I’m a sucker for vampire films (pun recognized, but not intended) and spend an unusual amount of time thinking about the origins of the mythological trope and the rules of the monsters that have resurged into the spotlight, only being outpaced by superheros in today’s pop culture landscape.
I’m willing to accept that this might give me a pre-bias for Korean filmmaker Park Chan-wook’s newest thriller, Thirst, because it does vampire well. Thirst presents a vampire story where the monster isn’t the basis of the entire plot and when romance enters the fray, it’s not the central point of the story.
Twilight is a Mormon romance between an idiot little girl and a vampire who happened to be turned when he looked like Robert Pattinson. True Blood hinges on the premise that vampires have “come out of the coffin” and sets its action in backwoods Louisiana, which is visually fantastical in the first place, to lull you into the premise before going crazy with inter-vampire politics and an obsession with drawing out the rules of vampires (It’s season 2 and I’m still not sure what powers a vampire’s Maker has over his/her Ward). Twilight’s vampire love says “look but don’t touch” while True Blood’s all about the sucking & f*cking. Thirst plays like a fever dream in comparison.
Song Kang-ho plays the man-of-the-cloth, Sang-hyun, who genuinely wants to help save lives by exposing himself to a deadly tropical virus so he can be a guinea pig for a new, ineffective, vaccine. Of 500 godly subjects infected, he is the only one who survives the horrible last stage of the virus: violently puking blood. As he’s dying in the quarantined hospital, he’s given a transfusion of infected blood that brings him back to life.
Suddenly, he’s a man of Christ again; a healer of the sick. His boils and pustules from the virus begin to disappear and he’s reunited with a family from his past, the drunken Madame Ra (Kim Hae-sook) and her near-mentally handicapped son Kang-woo (Shin Ha-kyun). When Sang-hyun was an orphan being raised by monks, Madame Ra used to let young Sang-hyun play with her son. Also present in the household is Tae-ju (the talented Kim Ok-vin, who effortlessly swings from hurt and sexy to creepy and dangerous), an orphaned girl semi-adopted by Madame Ra.
Tae-ju is a lot like Cinderella from the first moments we see her; quiet, subservient and treated more like a pet or a nurse than a daughter. She has thick calluses on her feet from running aimlessly through the city at night, running from how trapped she feels. Madame Ra refers to her as a puppy and Tae-ju herself says she’s been the family’s dog for years.
To his horror, Sang-hyun discovers he needs blood to keep the deadly virus at bay, the healing factor of a vampire is the only thing keeping him undead. At first, he quietly feeds on a coma patient by sucking blood through an IV like a straw. One of his mentors, a blind and wheelchair bound monk lets him feed off his wrists occasionally. Sang-hyun also finds himself lusting after Tae-ju, an attraction she seems to return.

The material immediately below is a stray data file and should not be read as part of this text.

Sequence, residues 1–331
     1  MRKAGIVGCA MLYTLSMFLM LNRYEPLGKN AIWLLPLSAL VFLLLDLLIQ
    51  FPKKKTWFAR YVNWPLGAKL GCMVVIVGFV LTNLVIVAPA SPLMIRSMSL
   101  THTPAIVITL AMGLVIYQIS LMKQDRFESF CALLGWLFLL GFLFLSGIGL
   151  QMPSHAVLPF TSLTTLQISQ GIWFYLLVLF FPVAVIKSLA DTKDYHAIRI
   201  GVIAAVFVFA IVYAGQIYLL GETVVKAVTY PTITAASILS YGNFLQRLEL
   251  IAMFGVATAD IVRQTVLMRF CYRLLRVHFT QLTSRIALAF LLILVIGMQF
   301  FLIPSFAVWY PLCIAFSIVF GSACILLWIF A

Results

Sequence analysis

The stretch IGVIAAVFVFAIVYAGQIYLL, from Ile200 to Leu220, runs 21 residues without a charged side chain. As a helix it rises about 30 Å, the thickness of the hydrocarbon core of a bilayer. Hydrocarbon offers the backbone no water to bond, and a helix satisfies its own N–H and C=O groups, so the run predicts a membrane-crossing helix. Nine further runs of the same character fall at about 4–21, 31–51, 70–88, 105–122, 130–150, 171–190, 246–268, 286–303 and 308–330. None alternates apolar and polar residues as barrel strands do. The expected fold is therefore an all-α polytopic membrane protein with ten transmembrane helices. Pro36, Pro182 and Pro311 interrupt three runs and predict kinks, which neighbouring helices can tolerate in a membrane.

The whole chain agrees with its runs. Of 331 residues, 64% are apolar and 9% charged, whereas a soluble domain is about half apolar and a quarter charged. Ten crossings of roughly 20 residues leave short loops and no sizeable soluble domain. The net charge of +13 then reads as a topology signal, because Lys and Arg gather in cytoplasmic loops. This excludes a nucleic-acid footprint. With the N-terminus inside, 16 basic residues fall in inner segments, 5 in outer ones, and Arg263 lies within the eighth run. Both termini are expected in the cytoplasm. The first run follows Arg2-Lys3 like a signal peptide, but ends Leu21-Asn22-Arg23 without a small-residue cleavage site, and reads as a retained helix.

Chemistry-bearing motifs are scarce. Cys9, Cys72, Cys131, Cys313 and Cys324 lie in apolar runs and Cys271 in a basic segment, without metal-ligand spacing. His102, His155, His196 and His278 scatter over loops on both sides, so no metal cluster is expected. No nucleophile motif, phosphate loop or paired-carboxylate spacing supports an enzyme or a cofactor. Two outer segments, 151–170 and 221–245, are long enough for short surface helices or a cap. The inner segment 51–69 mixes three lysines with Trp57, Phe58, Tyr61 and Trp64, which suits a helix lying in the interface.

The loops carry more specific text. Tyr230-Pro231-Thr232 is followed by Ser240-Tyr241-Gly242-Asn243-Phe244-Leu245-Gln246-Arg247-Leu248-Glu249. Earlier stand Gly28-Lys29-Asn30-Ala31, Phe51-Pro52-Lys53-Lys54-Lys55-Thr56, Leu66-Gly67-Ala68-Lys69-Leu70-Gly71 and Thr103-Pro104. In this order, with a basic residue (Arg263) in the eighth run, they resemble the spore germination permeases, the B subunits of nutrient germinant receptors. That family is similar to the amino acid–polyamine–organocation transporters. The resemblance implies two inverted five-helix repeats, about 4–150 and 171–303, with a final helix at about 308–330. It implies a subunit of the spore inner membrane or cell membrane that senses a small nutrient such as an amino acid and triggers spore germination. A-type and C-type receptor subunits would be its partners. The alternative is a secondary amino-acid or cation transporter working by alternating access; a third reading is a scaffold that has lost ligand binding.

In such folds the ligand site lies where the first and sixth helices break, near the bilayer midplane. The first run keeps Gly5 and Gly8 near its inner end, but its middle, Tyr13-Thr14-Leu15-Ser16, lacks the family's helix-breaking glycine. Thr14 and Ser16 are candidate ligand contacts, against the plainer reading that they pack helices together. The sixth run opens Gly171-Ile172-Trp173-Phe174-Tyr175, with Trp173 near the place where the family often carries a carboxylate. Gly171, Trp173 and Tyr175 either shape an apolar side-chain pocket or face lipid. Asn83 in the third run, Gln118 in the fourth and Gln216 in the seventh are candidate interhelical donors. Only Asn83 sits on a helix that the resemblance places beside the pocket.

And that’s the summary of the first act, the titular Thirst takes over from there and takes the audience on a wild, twisted ride through the negative consequences of unbridled desire. Sang-hyun has dual thirsts, one for blood and one for sex with Tae-ju. His priesthood is quick to go as Tae-ju flirts with him. She thirsts for freedom from her suffocating life, but knows she can’t attain it while she’s in a forced marriage to Madame Ra’s retard child.
Throughout the beginning of the film, the plot lurches forward while Park and cinematographer Chung Chung-hoon create an atmosphere of foreboding. Park’s script, adapted from Émile Zola’s novel “Thérèse Raquin,” has a lot of humor, but the laughter gets more uncomfortable as the film turns into a noir flick about a seemingly-innocent and abused wife using sex to goad a priest into murdering her husband.
As soon as Sang-hyun breaks his no-killing rule, the film snaps and Park, the same director that brought us Oldboy in all its disturbing glory, jumps from sequence to sequence taking apart his main character in brutal fashion.
The film has a little misogynistic slant to it, when we learn that Tae-ju uses her sex to manipulate and will go to excessive, emotionally devastating and self-mutilating lengths to get what she wants. When the love story sours and Tae-ju decides she thirsts for a new type of freedom – the freedom to kill – the message seems to be that when a girl discovers the power of her sex it is both empowering and terrifying. Kim Ok-vin plays her part as half-mad/half-succubus and 100% predator.
Thirst’s plot isn’t as coherent as some will hope. But the movie is a mosaic of imagery, violence and genuine questions about desire and ethics, love and bloodlust.
It just happens to be about vampires.
The reason that Thirst is such a shining example of a vampire movie in the times of vampire-saturation is because it’s not a monster story or a love story. The vampire, culturally, has always transformed itself to become what we fear. Very early on, a vampire was just a curse that would kill family members or infants in the Dark Ages. Bram Stoker made vampires about sex, Ann Rice made them about loneliness and tormented feelings about your identity, Stephanie Meyer made them sparkle.
But vampires are none of these things. They were meant to be romantic because evil is always tempting and seductive, not because a strong, eternally young stud is what every teenage girl dreams of. Vampires work best when they are used as they were intended to be: as a metaphor for the evil we fear; what’s lurking in the dark, what looks like such a gift even when you know its hell masquerading as heaven.
Thirst shows us a man becoming a monster by showing us what happens when you give into desires you know are wrong. That monster just happens to be a vampire priest.
If you can stand subtitles, seek this one out.